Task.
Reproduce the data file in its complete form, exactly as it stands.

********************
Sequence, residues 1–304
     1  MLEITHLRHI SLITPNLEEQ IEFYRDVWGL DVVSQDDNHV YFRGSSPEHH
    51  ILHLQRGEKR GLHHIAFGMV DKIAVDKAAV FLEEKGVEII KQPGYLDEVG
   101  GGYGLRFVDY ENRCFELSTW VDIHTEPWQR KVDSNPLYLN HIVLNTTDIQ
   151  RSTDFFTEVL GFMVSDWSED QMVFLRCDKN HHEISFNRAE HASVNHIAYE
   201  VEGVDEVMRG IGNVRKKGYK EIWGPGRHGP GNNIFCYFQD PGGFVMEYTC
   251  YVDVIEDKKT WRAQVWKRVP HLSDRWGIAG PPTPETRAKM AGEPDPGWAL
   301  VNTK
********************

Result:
Sequence, residues 1–304
     1  MLEITHLRHI SLITPNLEEQ IEFYRDVWGL DVVSQDDNHV YFRGSSPEHH
    51  ILHLQRGEKR GLHHIAFGMV DKIAVDKAAV FLEEKGVEII KQPGYLDEVG
   101  GGYGLRFVDY ENRCFELSTW VDIHTEPWQR KVDSNPLYLN HIVLNTTDIQ
   151  RSTDFFTEVL GFMVSDWSED QMVFLRCDKN HHEISFNRAE HASVNHIAYE
   201  VEGVDEVMRG IGNVRKKGYK EIWGPGRHGP GNNIFCYFQD PGGFVMEYTC
   251  YVDVIEDKKT WRAQVWKRVP HLSDRWGIAG PPTPETRAKM AGEPDPGWAL
   301  VNTK